If you've been a value investor for the last few years, it's been a tough time. The chart below looks at the return difference between high-priced growth stocks and low-priced value stocks every year since 1928. The last few years have been exclusively blue, meaning growth has outperformed. But a look at history finds that while these periods of growth outperformance are not unprecedented, they aren't the typical outcome. Value beats growth about 67% of the time over one-year periods, and the average annual outperformance for value over growth is 4.5% per year! Clearly, if you want higher expected returns, you need to bias your portfolio towards the lowest-priced stocks, and you need to be able to sit through short periods of disappointment.
What if we look at longer periods? How about 10-year stretches, including every decade from 1930 through 2019? In the graphic below, I've listed different indexes that more closely correspond with how we typically invest. In navy is the Vanguard Total Stock Index Fund (CRSP 1-10 Index), a good proxy for the largest growth stocks and the most popular index fund held by investors. The Dimensional Small Value Index in teal is at the opposite end of the market, holding just the smallest 10% of the market with the cheapest 35% of stocks. Finally, the green bars correspond to a diversified stock index mix ("US Market Asset Class Mix") appropriate for most investors with a solid understanding of how markets work: 30% in the market index, 30% in large value stocks, and 40% in small value stocks.
(US Market Asset Class Index = 30% CRSP 1-10 Index, 30% Dimensional US Large Value Index, 40% Dimensional US Small Value Index, rebalanced annually)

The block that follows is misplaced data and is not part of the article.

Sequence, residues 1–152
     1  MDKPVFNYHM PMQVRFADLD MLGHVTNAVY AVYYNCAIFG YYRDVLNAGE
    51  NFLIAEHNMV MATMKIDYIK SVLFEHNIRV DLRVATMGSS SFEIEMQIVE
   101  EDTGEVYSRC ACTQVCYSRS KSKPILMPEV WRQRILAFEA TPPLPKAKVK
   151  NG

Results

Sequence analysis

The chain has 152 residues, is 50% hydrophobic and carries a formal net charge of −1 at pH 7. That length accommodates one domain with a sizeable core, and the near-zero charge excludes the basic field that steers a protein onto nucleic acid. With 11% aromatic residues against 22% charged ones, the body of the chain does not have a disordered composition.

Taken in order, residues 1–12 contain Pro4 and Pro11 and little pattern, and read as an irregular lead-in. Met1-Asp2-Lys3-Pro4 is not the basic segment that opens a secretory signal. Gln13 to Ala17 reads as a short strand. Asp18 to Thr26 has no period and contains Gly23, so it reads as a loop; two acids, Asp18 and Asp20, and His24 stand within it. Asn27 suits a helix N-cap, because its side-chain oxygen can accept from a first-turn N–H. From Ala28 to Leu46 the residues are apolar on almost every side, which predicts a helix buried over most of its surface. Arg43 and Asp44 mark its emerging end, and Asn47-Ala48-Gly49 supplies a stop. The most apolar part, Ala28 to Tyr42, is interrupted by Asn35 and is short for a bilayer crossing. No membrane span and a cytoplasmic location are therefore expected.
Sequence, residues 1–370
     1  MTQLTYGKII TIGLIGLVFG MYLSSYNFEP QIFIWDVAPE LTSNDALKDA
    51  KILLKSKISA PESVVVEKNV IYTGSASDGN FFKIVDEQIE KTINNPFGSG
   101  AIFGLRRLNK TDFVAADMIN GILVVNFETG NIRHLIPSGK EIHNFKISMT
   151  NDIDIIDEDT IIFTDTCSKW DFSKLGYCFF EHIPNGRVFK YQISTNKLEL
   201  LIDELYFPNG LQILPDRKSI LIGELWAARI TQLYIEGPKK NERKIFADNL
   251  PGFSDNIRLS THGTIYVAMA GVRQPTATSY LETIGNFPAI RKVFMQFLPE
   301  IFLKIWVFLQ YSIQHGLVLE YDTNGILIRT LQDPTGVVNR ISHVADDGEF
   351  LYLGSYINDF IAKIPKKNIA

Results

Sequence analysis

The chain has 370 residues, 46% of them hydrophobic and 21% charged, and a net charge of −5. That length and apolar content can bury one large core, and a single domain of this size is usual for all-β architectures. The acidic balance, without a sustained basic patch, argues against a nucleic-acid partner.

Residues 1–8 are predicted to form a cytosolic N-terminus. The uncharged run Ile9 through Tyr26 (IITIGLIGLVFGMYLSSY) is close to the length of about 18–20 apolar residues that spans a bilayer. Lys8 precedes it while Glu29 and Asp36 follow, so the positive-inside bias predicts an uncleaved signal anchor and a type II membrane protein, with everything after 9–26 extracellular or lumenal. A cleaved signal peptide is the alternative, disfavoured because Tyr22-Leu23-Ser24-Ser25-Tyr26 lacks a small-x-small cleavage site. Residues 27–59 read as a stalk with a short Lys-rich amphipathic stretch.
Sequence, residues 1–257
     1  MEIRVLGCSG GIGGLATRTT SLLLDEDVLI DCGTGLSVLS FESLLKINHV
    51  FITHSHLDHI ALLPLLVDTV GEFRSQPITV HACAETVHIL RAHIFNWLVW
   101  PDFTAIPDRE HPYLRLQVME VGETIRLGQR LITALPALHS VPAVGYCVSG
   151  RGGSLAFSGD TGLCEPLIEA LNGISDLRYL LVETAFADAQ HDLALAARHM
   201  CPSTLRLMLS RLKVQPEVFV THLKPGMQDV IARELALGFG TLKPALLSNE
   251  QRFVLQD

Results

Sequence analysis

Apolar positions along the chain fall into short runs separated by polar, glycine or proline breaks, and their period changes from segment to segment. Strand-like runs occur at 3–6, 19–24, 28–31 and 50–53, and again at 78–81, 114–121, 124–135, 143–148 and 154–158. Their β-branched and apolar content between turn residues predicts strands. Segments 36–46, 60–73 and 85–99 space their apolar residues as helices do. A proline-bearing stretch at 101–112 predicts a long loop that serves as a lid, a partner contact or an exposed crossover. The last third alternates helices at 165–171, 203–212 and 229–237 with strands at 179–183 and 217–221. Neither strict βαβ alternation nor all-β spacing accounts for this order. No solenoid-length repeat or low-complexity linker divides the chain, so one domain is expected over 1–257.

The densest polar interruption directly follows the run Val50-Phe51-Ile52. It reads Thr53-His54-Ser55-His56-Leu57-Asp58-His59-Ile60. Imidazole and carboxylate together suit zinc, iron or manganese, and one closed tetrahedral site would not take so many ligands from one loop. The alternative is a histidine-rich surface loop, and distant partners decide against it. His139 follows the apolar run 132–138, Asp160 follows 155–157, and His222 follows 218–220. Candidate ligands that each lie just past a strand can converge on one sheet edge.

In the 1930s, we see that all stocks did poorly but value stocks did worse, losing -2% to -3% per year. We then went through 50 years of value superiority! Every decade from 1940 through 1989 saw value beat growth. In the well-documented 1990s technology bubble, the large growth-dominated CRSP 1-10 Market Index performed a few percent better than value. But that trend reversed sharply in the 2000s--the market index lost -0.3% per year while value stocks returned +6% to +10% per year. This recent decade, and the beginning of 2020, has seen growth once again outperform value, for just the third decade in 90 years; a pattern that looks very much like the 1990s but with lower overall returns.
Are we in for another 2000-2009 stretch for growth stocks? By every conceivable valuation measure, growth stocks are trading at extremely high valuations. Value stocks on the other hand, especially small cap value stocks, are exceedingly cheap and represent tremendous opportunity. The snippet below is courtesy of Avantis funds--rising trend lines represent increasing valuations for stocks; the large cap growth stocks in blue have clearly gotten to extreme levels. The market index funds that are dominated by these stocks, like the S&P 500 and Vanguard Total Stock Index (not shown), aren't far behind.
Over the entire period I looked at above, from 1930-2019, we see a significant premium for holding value stocks, especially smaller ones, compared to the overall market that is dominated by growth stocks. Diversifying across growth and value stocks, in large and small cap markets, as the US Market Asset Class Index does, still shows significantly higher-than-market returns without "betting the farm" on just one asset category. Today, these relative results probably serve as the conservative estimate by which value will beat growth going forward. With growth stocks trading at record high valuations, and value still at reasonable levels, a premium for value stocks that's 2-3 times its historical average isn't out of the question in future years.
Is it value's time to shine? All the indicators are pointing in that direction. So if you need help reevaluating your portfolio in the context of your long-term goals, and want a second opinion regarding whether you have the right mix of assets, including sufficient value stock exposure, don't hesitate to reach out and set up an appointment. I'm happy to help.
Past performance is not a guarantee of future results. Index and mutual fund performance includes reinvestment of dividends and other earnings but does not reflect the deduction of investment advisory fees or other expenses except where noted. This content is provided for informational purposes and should not to be construed as an offer, solicitation, recommendation or endorsement of any particular security, products, or services.